Lawrence Fodor began the pursuit of painting and photography when he was 10. He studied at Orange Coast College and received a BFA from Otis Art Institute in Los Angeles, California where he also did graduate work towards his MFA in printmaking and painting. He has studied, traveled and lived in Europe, Asia, Central and South America. His work is exhibited and collected extensively in private and public collections including the Lannan Foundation in Santa Fe, New Mexico, the Laguna Art Museum, the New Mexico History Museum and the Modern Art Museum of Forth Worth, Texas, among others.
In addition to a studio art career as a painter and printmaker he has continually pursued photography. The two mediums are in dialogue - but not with obvious visual references. There is a direct correlation between processing a photograph and the formal elements of drawing and painting. Light/dark, warm/cool, hue/tone, push/pull, dynamic range, cadence, rhythm, spatial tensions, focus, point, line, plane... and on. All of these elements are considered in both a photograph and a painting - wether in representational, abstracted or non-objective modalities. And, they are quite different. Photography concerns itself with the moment, while painting coalesces multiple moments.
Lawrence Fodor has worked and had studios in Los Angeles, Long Beach and Santa Barbara, California, Kathmandu, Nepal, Tucson, Arizona and Santa Fe, New Mexico. He currently lives and works in Los Angeles, California and Santa Fe, New Mexico. Maintaining studios in both locations, his work includes painting using oil, alkyd resin and cold wax on canvas, panels, and wood boxes, monotypes, watercolors, other works on paper and photography.
I have lived and worked in Santa Fe, New Mexico for over 25 years. Born in LA, I grew up in Orange County close to the beach. I studied at Otis when it was located near McArthur Park and after traveling the world, landed in Santa Barbara for a few years. In 1989 I moved to Santa Fe for change - seasons, lifestyle, and to find myself, and a voice for my painting and photography. The move proved to be a paradigm shift for me in literally every aspect of my life. In Santa Fe, I am surrounded by a spectacular high desert environment, legendary light, a remarkable network of friends, engaging professional support and my small wonderful family. I love living and working in New Mexico, but in September 2015 my partner and I leased a loft in downtown Los Angeles. It’s just south of the Arts District, east of the Fashion District, and on the fringes of the Produce and Industrial Districts. Encouraged by an architect friend in LA who also has roots in New Mexico, I realized I needed to be back in the city, in California - professionally and personally.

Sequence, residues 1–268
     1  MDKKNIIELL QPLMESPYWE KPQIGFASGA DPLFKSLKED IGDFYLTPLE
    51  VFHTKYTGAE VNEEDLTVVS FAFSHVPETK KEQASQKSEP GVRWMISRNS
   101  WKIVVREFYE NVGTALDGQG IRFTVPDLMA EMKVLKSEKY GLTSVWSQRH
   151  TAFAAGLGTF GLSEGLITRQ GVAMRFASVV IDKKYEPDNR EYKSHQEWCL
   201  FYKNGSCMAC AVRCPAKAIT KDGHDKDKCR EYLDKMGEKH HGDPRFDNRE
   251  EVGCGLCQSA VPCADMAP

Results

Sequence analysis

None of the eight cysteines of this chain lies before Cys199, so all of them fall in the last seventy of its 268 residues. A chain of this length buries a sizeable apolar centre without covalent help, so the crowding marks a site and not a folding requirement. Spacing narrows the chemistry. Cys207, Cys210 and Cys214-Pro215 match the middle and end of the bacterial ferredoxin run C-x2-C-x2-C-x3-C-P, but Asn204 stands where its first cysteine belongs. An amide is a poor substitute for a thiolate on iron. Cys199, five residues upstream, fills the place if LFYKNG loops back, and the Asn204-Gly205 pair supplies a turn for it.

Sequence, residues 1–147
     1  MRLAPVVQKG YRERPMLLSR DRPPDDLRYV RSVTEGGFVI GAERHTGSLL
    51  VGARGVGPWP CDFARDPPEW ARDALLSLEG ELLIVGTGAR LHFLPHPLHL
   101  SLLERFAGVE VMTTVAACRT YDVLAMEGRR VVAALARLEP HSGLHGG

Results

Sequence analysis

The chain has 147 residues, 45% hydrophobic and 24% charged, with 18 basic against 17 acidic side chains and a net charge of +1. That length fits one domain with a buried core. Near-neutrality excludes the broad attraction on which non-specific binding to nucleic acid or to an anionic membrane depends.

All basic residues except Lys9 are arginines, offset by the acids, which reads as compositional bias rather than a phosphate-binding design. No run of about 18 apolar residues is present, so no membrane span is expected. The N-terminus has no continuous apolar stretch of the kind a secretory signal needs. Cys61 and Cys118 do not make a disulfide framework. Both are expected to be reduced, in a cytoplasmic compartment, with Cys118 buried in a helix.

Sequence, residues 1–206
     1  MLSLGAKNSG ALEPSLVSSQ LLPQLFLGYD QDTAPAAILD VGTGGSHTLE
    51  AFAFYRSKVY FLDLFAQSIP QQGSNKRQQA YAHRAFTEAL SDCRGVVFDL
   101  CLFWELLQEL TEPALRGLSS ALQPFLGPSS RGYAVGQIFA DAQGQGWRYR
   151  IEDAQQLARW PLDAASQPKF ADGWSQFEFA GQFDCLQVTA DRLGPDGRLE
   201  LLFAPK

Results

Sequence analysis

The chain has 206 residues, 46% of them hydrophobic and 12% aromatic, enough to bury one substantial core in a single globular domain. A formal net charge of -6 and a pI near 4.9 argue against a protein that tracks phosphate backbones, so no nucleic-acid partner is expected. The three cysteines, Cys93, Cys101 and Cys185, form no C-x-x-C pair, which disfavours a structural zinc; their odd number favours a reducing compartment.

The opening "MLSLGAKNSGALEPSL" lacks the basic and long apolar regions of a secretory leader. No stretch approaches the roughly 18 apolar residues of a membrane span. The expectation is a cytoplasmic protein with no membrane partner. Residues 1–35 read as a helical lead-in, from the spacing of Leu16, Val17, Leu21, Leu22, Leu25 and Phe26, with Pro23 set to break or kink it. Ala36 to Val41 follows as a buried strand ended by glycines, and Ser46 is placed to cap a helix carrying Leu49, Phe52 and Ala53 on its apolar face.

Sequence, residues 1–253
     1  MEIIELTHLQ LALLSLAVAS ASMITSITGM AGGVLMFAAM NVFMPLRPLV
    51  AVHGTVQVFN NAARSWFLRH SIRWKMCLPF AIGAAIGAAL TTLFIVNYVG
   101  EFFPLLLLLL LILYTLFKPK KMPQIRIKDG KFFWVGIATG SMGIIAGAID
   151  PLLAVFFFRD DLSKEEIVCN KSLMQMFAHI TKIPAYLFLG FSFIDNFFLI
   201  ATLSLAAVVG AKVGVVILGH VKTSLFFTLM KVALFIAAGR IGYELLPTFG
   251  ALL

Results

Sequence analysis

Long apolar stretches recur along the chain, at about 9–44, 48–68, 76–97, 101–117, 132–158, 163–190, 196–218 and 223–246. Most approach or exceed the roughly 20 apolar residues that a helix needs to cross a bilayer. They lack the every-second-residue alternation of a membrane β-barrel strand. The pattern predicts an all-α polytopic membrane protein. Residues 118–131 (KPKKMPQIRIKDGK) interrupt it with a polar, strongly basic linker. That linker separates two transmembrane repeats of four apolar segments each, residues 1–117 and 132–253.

The loft is in an old furniture factory built in 1901. The brick, concrete and wood trussed building was developed as artist live/work spaces in 1989. We have 2000 square feet of gorgeous ambient light filtering through vintage American industrial casement windows and skylights. Original wood floors, exposed brick walls, and a fire escape landing add to the rustic charm. It isn’t slick - but functions perfectly as a combined working studio and living space. I spend about half my year occupying the loft in alternate months. Primarily I paint and draw abstractly - very large or very small - and the space is perfect for painting on both scales. Currently the work is based on historic paintings that have influenced my sensibilities and practice. I also photograph a variety of subjects. Presently I am focusing on architecture in Los Angeles and the desert landscape as I drive back and forth from Santa Fe to Los Angeles.
I think of the Los Angeles space as a private “artist-in-residence.” It provides physical and creative support for my career in the city where I grew up and went to school; I am fortunate to have this connecting thread to my roots. When I’m in LA, I am fully engaged and absorbed with my work and the city. I can pursue painting and photography any time of the day or night. The focus is singular. The space has given me the opportunity to live with the work in progress, consistently and constantly, for extended periods of time. The immersion in urban living has been invaluable in terms of refining my vision and absorbing the “edge” of the city. There is peculiar flux and severity in Los Angeles that is collaborating with my “romanticized” sensibilities and the resulting juxtaposition seems already evident in my painting and photography. It manifests itself in a more direct approach to mark-making and an open mind to diverse found realities in the lens of a camera.
Lawrence Fodor 2016